High school sports dynasties: Girls No. 9, Geneva girls basketball
Editor's note: The Daily Herald is counting down the Top 10 boys and girls high school sports dynasties over the past 20 years, two at a time. We continue today at No. 9 with Geneva girls basketball and West Aurora boys basketball.
The 2000s have been a great time to be a Geneva girls basketball fan.
It started early in the decade when Todd Leden coached the Vikings to a 20-8 season in 2002, 27-3 in 2003 and 23-5 in 2004.
Those teams never had much success in the postseason, but that would soon change under coach Gina Nolan.
The Vikings went 26-4 and won their first regional in 22 years in 2006. Led by the school's all-time leading scorer Taylor Whitley, they really broke through in 2009, winning their first 32 games to take a 32-0 record to the Class 4A state tournament.
Geneva lost twice at state to take fourth, but that season was the first of 12 straight regional championships -- a streak that's still alive. During that span they have won seven sectional titles, took fourth in the 2014 4A state tournament and won the 2017 and 2018 Class 4A state championships with a string of unbelievable buzzer-beaters under coach Sarah Meadows.
They accomplished all that despite devastating season-ending injuries to some of their best players like Ashley Santos, Michaela Loebel, Sidney Santos (twice) and even this past season to Lindsay Blackmore.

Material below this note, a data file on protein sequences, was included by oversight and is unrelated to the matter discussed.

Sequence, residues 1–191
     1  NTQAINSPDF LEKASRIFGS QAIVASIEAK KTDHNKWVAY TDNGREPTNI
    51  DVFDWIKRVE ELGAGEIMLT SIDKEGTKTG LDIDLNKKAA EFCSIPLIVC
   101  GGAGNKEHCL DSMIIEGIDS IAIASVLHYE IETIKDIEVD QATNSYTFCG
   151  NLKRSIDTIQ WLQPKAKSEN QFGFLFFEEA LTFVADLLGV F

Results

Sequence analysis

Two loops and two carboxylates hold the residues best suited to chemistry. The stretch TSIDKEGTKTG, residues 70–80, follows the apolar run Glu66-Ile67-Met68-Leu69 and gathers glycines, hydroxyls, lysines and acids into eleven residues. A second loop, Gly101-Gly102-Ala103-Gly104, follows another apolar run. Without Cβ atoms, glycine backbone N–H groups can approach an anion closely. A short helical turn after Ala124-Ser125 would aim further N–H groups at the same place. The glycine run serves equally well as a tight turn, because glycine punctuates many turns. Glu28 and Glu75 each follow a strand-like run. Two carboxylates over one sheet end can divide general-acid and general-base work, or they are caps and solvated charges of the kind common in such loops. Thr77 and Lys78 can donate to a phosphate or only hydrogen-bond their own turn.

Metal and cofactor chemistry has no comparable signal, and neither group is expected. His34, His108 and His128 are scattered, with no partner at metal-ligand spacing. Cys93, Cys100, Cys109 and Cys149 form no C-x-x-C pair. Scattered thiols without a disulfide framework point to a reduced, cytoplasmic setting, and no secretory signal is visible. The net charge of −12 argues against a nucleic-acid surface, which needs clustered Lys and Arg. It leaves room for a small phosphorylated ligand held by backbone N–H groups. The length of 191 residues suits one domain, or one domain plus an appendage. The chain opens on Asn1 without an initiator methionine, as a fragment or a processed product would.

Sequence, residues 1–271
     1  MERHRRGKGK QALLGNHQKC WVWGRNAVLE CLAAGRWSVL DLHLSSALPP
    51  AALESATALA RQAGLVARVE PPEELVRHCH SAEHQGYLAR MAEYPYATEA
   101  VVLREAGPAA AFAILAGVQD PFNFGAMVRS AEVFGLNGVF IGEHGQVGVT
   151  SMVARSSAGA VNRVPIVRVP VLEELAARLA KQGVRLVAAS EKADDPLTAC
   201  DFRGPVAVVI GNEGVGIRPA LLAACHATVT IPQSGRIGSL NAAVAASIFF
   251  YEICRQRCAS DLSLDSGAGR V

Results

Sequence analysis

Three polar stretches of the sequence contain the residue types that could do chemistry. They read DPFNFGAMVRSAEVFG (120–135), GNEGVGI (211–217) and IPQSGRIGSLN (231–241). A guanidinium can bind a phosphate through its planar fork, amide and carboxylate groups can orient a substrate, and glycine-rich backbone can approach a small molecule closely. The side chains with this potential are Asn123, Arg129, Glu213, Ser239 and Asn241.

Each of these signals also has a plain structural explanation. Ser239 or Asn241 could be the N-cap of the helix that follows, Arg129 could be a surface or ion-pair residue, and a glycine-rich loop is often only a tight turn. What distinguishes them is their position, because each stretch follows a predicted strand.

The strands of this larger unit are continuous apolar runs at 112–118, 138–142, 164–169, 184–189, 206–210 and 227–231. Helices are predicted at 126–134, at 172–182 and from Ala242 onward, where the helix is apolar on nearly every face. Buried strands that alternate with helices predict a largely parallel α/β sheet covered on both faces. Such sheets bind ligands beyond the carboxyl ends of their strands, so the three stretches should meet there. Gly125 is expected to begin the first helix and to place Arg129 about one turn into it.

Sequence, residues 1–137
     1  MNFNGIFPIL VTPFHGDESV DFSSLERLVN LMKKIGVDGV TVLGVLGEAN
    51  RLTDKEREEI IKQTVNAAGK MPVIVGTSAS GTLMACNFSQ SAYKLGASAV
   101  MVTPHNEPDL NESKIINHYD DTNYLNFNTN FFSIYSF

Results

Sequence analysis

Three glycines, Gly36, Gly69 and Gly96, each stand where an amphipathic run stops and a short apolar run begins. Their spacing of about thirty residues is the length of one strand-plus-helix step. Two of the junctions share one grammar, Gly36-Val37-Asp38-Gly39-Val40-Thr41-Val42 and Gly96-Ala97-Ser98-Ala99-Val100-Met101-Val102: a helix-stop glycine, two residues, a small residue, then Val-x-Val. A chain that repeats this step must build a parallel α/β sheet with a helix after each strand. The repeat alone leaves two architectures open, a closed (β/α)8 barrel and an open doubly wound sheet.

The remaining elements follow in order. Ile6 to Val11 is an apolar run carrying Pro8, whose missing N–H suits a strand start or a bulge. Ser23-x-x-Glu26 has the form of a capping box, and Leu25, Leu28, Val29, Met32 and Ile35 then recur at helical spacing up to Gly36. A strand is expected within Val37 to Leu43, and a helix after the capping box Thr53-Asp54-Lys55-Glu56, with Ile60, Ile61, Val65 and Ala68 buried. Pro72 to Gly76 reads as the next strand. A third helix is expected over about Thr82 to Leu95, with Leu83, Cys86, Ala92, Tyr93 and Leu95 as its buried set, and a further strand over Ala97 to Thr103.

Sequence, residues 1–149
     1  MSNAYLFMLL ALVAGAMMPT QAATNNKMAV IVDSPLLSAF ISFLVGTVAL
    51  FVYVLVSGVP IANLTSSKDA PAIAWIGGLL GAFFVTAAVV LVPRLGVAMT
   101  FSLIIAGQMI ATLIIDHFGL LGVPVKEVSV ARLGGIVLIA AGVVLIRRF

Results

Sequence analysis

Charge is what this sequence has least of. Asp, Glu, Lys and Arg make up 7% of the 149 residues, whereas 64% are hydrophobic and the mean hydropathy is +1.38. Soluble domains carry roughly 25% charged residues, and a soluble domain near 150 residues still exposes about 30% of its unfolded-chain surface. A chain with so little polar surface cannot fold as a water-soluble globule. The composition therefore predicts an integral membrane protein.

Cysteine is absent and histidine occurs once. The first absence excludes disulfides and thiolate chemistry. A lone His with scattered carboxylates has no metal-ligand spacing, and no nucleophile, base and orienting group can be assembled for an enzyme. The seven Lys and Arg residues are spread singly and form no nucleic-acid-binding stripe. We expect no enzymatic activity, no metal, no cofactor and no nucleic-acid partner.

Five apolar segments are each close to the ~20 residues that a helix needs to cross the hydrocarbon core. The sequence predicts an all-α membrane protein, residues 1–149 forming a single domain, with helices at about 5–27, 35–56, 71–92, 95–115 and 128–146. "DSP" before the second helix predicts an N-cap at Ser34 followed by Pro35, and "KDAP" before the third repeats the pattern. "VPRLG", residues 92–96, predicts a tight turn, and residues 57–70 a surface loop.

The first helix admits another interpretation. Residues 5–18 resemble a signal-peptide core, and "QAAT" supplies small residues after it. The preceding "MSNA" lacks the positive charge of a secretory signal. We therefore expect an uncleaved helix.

While some schools lose their top athletes to specialization, Geneva has kept Division I athletes in other sports like Lauren Wicinski, Sammy Schofield, Loebel, Grace Loberg. Kate Montgomery and Grace Hinchman playing basketball.
And they have had plenty of basketball standouts like Whitley, her sister Margaret, the Santos sisters, Kat Yelle, Janie McCloughan, Abby Novak, Stephanie Hart, Maddy Yelle, Madison Mallory, Blackmore and countless more. They play team-first basketball the right way, pressuring full court defensively and sharing the ball with an up-tempo offense, passing up good shots for great ones.
"Geneva basketball is so special because our players and their families are dedicated, they trust us and we build very special relationships with each other," Meadows said. "We have a very special basketball program that has become a basketball family. Our kids work hard, they make sacrifices, they understand the importance of the word team and they want to win. So proud of our past kids who established what Geneva basketball means, so proud of our present kids who have continued that meaning and I am proud of our future kids who are learning and understanding right now, by watching us, how special Geneva girls basketball is."